According to Netflix, Mike and Jeffrey agree with each other on movies 84% of the time. In their weekly feature, The Awkward Movie Challenge, they search valiantly for that sweet 16% that results in big arguments and big laughs.
Pre-Internet, the only way to learn about cool things if you grew up in a small town in Michigan as I did was to read about them in these magical collections of information called “books” and “magazines.” When I was in high school, there were 2 books that changed my life. The first was the fourth edition of the Trouser Press Record Guide. Trouser Press was an indispensable guide to thousands of “alternative rock” records back in the days when the term alternative rock actually meant something. The second was Danny Peary’s fantastic (and sadly out of print) 3 volume Cult Movies series. Ever since I received the first book as a Christmas present, I’ve made it my ongoing life’s mission to someday see all 200 titles that Peary discusses.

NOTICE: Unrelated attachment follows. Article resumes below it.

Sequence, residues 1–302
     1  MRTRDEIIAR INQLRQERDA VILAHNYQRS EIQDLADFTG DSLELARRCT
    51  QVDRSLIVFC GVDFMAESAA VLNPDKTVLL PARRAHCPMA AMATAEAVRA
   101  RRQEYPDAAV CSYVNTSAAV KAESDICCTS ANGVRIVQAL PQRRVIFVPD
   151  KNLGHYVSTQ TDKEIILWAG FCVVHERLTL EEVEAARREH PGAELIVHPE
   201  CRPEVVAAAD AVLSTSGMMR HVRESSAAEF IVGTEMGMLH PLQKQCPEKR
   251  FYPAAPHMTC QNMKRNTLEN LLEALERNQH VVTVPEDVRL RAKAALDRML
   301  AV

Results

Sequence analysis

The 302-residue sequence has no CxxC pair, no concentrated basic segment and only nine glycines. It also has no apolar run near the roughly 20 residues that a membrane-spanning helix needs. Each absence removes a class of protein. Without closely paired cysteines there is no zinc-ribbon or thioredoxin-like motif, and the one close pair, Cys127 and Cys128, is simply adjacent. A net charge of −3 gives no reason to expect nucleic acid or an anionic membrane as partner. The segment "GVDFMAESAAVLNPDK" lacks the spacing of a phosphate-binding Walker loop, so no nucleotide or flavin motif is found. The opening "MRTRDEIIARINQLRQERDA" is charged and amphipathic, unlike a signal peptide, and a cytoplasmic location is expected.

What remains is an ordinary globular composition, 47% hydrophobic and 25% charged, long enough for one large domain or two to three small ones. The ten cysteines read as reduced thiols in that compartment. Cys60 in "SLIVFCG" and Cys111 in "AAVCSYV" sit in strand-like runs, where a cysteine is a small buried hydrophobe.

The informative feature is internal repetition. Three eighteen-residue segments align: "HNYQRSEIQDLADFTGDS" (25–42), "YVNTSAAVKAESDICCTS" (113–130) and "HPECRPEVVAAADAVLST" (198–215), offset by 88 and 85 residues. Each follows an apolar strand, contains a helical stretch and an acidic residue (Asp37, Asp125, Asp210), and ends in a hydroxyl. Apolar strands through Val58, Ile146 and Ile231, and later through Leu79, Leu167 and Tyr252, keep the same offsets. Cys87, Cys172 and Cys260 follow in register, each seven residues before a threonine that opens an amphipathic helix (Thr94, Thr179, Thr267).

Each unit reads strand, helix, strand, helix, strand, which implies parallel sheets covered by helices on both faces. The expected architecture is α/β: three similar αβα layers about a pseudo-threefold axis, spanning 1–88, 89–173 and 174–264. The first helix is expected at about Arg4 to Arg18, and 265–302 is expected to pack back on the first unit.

The best thing I can say about Zardoz is that I am now able to scratch another film off that list. To say that Zardoz is a terrible film is like calling Hitler “eccentric.” Zardoz creates its own new category of terrible. It is breathtakingly, incomprehensibly, mind-blowingly bad in a way that must be seen to be believed, but must never, ever be seen by anyone. Mike and I took one for the team, and no matter how tantalizing it may sound after reading our reviews, I beg you: DO NOT WATCH THIS MOVIE. It is so terrible that its title should really stand as a universally-recognized synonym for atrociously bad. If I go to a coffee shop and tell them the ½ and ½ tastes Zardoz, they should immediately lock the place up and send every customer to the hospital. If I am at a café in France and I tell the waiter “Cet croque-monsieur est Zardoz!” he should walk straight back to the kitchen and stab the chef in the throat with an ice pick.